A COMMUNITY project to breathe new life into one of Yorkshire’s best surviving examples of a village jail and stocks is gathering pace – but campaigners may need to raise up to £200,000 of grant funding for it to be a success.
Illingworth Old Gaol in Halifax is a Grade II* listed building dating from 1823 but is on English Heritage’s at-risk register and in desperate need of renovation, having been neglected and vandalised over several years.
The recently-formed North Halifax Historic Buildings Preservation Trust is now stepping up its campaign to preserve the building by creating a small museum from the Old Gaol and Old Co-op store.
Yesterday volunteers recruited schoolchildren from Illingworth’s Whitehill Community Academy to recreate a photograph taken 100 years ago when the Old Gaol was used by the Illingworth Industrial Provident Society as storerooms for an adjacent shop.
West Yorkshire Police halted traffic on Keighley Road for a few minutes as pupils got into place for the Yorkshire Post photographer.
In 1913 children gathered in their Sunday best to mark the Golden Jubilee of the founding of the local Provident Society.
Whitehill headteacher Roy Hepplestone said: “It is very important that we preserve our heritage for the community but also for the children as this is a primary source of historical interest which is worth fighting for.
“We fully support the initiative and hope that many of our children, and generations to come, benefit from this wonderful resource.”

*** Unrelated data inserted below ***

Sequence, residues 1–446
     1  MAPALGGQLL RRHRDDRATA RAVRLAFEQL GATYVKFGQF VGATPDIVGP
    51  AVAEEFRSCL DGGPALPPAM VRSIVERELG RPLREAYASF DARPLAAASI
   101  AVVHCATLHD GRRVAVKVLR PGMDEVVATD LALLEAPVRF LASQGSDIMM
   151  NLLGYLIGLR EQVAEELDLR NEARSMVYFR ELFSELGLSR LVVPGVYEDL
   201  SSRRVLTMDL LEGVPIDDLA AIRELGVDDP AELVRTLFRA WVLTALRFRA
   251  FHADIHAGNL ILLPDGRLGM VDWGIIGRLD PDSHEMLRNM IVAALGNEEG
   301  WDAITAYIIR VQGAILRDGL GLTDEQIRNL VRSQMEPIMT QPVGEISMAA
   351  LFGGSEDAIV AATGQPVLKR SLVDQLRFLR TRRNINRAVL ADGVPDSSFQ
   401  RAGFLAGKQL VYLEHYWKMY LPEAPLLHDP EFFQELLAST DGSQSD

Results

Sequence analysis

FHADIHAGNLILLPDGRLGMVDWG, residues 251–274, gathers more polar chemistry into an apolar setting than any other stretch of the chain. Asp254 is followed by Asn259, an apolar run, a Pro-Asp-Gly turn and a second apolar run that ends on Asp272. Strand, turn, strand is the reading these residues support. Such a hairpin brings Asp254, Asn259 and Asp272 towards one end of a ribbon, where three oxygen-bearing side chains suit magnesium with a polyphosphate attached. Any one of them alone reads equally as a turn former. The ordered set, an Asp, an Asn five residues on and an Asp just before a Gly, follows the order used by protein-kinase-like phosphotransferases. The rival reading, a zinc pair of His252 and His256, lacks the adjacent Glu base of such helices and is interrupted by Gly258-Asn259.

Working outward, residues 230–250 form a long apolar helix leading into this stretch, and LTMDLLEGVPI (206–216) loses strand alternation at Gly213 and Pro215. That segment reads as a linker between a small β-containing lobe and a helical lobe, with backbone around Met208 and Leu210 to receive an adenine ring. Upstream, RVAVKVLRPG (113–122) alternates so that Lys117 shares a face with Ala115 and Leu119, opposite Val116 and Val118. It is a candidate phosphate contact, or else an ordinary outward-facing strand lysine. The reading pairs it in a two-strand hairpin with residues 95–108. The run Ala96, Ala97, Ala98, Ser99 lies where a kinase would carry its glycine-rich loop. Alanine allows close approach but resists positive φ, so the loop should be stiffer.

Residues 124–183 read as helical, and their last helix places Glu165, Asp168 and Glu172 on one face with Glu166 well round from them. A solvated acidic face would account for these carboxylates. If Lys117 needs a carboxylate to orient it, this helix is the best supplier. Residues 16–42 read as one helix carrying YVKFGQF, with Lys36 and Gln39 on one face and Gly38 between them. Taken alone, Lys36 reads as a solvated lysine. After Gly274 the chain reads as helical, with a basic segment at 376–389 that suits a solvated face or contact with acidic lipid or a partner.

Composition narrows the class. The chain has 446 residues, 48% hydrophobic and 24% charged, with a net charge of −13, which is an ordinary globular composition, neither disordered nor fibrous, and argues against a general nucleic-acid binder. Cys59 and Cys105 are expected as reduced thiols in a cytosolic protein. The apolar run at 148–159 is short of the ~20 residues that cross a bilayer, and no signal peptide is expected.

The Preservation Trust is working on a business plan to take over the building from Calderdale Council, which initially wanted it to be converted into a private home, until protests forced a re-think.
The trust has recently been successful in passing the first stage of Calderdale Council’s asset transfer process with a view to taking over ownership of the building, and recently held two open days.
Earlier this month the Trust accepted a grant from the Architectural Heritage Fund to allow it to produce a project viability report. This allowed the Trust to appoint conservation architect Britt Harwood, of INC Architecture, who will establish the likely costs of repairing and refurbishing the building.
Terry Melia, one of the trustees, said: “The AHF grant will enable the trustees to look at various other additional options for the Old Gaol and Co-op store to be self-sustaining.
“In addition to restoring the gaol as a small local museum we may have to consider other potential uses for parts of the building, such as a craft worker’s or artist’s studio – possibly even some form of very unusual holiday or weekend letting accommodation that might particularly appeal to those cyclists who in future will want to ride the route of the Yorkshire Grand Départ of the 2014 Tour de France.
“The nearest section of that route passes within six miles of the gaol on its way between Keighley and Hebden Bridge.”
Mr Melia said the project was a revival of the ideals of the local co-operative movement.
“We have had a tremendous amount of support from hundreds of people including many local residents, our local primary school, English Heritage, the Architectural Heritage Fund, councillors, council officers, a local legal practice, voluntary sector bodies and people from outside the area who have a particular interest in helping to save Illingworth Gaol which is thought to be the best remaining example of a village gaol in Yorkshire.”
Craig McHugh, of English Heritage, added: “We’re pleased to see that the North Halifax Historic Buildings Preservation Trust has been established to try and save the former Illingworth Gaol and are greatly encouraged by the tremendous level of local community interest in the building.”
Visit www.illingworthgaoland stockspreservationgroup.btck.co.uk for more information.